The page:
Mull's only Scotch distillery.
Duart Castle Profile
Blended Scotch Whisky
Duart Castle was a NAS (no age statement) blend produced by Ayrshire wine merchant Whigham’s of Ayr from around 1968 until the early 1990s.
The brand’s name was inspired by the ancestral 13th century home of Lord Maclean on the island of Mull, and while the constituent parts of the liquid are unknown, given the blend’s Isle of Mull connection it is possible that some Tobermory malt found its way into the bottlings. Duart Castle was also bottled as a vatted malt while a single malt was bottled by Adelphi long after the brand’s demise.
Duart Castle History
A brand born out of a parting of the ways in one of Scotland’s oldest commercial concerns, Duart Castle was not around for long but the name re-emerged in 2012 as a one-off expression.
When some worthy Ayrshire landowners, under the guidance of Alexander Oliphant, got together in 1766 to establish a wine merchant In Ayr, they could not have expected it to still be in business today.
After filling a labyrinth of wine vaults below the streets and with its own trading fleet, a lucrative trade was created on Caribbean rum and Port, claret, Sherry and brandy from the continent. The company morphed into Whigham, Fergusson & Cunninghame, before a change in ownership in 1968 saw part of the business branch off as a separate London-based company named Whigham Fergusson Ltd. The original company was renamed Whigham’s of Ayr.
In the mid-1980s Duart Castle was Whigham’s of Ayr’s main Scotch brand as its sister, West Highland, had been withdrawn.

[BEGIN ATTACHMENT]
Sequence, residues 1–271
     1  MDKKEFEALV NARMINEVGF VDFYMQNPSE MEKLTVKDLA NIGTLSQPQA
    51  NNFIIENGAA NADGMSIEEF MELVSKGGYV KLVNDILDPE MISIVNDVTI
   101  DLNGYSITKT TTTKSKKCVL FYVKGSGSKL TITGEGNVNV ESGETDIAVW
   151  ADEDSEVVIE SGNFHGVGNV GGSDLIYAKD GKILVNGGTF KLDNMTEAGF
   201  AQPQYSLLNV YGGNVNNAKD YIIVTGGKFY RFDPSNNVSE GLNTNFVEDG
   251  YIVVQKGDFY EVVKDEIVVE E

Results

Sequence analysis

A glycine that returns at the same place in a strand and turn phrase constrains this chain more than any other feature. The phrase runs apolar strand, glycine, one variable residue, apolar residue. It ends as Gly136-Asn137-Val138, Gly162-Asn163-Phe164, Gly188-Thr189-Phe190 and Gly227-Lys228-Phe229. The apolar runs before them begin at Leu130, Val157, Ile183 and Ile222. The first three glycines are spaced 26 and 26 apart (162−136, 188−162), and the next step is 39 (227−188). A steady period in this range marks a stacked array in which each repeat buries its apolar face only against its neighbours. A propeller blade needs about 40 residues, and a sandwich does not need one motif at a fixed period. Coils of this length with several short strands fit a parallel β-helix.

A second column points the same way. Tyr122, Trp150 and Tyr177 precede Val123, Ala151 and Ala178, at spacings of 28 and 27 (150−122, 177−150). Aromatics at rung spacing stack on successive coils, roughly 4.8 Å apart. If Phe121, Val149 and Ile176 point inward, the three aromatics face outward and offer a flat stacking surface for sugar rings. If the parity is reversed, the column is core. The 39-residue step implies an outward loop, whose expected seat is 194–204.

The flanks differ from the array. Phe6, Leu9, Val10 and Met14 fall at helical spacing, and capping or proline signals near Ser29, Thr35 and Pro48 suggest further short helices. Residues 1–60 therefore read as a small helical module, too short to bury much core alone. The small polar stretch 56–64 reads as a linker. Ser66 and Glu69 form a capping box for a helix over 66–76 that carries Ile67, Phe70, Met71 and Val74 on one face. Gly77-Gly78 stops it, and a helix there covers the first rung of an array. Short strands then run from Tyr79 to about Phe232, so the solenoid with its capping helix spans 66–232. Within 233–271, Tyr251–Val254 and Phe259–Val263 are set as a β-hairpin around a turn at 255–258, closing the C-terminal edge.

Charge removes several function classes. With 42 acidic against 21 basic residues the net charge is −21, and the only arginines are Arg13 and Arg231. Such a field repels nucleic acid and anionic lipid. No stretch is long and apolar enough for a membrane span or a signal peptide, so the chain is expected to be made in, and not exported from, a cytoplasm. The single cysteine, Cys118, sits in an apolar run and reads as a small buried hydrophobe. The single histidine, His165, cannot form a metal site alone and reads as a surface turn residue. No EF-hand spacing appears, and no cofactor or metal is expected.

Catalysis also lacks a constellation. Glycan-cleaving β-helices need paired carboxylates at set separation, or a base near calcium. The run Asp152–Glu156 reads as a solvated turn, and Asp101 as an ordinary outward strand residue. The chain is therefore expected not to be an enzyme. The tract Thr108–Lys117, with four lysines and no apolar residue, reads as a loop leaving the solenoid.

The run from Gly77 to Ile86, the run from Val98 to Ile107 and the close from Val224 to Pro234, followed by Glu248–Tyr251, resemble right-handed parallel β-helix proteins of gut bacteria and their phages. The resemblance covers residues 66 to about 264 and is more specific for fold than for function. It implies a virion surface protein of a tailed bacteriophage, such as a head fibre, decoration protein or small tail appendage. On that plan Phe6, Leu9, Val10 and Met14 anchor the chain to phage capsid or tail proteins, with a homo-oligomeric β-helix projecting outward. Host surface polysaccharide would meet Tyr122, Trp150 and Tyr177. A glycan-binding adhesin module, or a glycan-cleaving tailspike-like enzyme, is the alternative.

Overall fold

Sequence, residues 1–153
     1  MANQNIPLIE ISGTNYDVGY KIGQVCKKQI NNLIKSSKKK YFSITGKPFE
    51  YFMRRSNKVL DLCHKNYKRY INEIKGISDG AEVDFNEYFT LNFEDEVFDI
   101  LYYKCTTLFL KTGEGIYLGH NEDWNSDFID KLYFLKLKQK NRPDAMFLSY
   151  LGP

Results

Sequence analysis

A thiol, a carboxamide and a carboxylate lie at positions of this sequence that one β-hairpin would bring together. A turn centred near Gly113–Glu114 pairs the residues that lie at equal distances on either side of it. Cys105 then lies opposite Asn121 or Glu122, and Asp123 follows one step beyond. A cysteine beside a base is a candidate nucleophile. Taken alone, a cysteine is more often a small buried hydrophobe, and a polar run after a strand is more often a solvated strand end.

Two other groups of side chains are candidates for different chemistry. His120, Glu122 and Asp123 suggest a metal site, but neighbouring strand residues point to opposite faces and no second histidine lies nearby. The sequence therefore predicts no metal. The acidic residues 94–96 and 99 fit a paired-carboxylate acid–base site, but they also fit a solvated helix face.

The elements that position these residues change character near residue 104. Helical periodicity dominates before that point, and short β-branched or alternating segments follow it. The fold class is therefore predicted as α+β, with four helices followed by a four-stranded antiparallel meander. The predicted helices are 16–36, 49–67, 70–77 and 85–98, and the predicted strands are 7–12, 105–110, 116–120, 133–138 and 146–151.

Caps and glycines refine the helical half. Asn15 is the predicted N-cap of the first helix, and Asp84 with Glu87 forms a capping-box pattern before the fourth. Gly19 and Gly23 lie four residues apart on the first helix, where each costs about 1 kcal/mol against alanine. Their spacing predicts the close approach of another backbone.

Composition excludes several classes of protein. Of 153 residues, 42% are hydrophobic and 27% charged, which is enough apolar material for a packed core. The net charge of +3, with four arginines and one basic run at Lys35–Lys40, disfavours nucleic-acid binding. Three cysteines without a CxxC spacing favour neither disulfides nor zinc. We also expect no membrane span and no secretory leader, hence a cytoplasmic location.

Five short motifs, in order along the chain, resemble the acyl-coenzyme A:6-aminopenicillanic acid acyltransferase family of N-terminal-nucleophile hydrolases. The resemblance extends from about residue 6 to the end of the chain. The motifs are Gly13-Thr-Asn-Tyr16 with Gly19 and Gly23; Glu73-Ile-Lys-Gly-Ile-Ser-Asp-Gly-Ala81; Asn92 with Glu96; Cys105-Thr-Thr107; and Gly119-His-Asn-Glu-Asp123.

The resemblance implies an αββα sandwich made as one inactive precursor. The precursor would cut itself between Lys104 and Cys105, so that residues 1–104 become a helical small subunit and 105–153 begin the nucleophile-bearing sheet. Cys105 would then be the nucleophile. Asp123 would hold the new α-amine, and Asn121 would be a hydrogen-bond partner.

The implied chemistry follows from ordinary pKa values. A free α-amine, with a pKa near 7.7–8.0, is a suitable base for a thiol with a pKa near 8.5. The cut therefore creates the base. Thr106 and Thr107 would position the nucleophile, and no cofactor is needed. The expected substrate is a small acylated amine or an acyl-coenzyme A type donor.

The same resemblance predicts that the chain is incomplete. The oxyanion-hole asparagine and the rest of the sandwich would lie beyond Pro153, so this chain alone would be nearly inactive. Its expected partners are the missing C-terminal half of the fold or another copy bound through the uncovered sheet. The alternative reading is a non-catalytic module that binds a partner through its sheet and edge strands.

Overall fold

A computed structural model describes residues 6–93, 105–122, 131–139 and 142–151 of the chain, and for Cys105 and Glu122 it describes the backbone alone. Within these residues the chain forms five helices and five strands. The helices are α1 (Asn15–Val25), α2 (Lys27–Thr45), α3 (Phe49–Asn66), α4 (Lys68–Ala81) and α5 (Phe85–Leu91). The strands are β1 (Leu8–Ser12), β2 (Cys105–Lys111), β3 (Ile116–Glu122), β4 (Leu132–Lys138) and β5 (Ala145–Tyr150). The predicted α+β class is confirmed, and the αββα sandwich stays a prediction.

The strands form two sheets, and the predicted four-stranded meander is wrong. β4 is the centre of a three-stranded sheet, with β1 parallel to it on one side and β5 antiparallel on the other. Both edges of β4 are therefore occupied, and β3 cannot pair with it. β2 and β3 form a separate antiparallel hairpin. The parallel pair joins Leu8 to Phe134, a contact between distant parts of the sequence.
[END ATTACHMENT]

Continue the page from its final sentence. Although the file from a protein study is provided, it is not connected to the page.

In 1994 the London-based wine merchant Corney & Barrow acquired Whigham’s and its whisky brands were removed from the market as the business returned to its roots in wine.
In 2012, upon the centenary of Clan MacLean’s reclamation of the castle in 1912, the Duart Castle name was revived for a one-off limited edition from independent bottler Adelphi – 300 bottles of an 18-year-old Tobermory single malt.
- 1367 Duart Castle becomes the seat of Clan MacLean when Chief Lachlan Lubanach Maclean marries the daughter of the Lord of the Isles
- 1691 The castle is demolished by Clan Campbell
- 1766 The forerunner to Whigham’s of Ayr is established as one of Scotland’s oldest wine and spirit merchants
- 1912 The ruins of Duart Castle are reclaimed by Clan MacLean
- Late 1960s The Duart Castle Scotch whisky blend is created by Whigham’s of Ayr
- Mid-1980s Duart Castle becomes Whigham’s sole Scotch whisky brand
- 1994 Corney & Barrow acquires Whigham’s of Ayr and its whisky brands are withdrawn
- 2012 Adelphi Distillery Ltd releases a limited edition of Duart Castle as an 18-year-old Tobermory single malt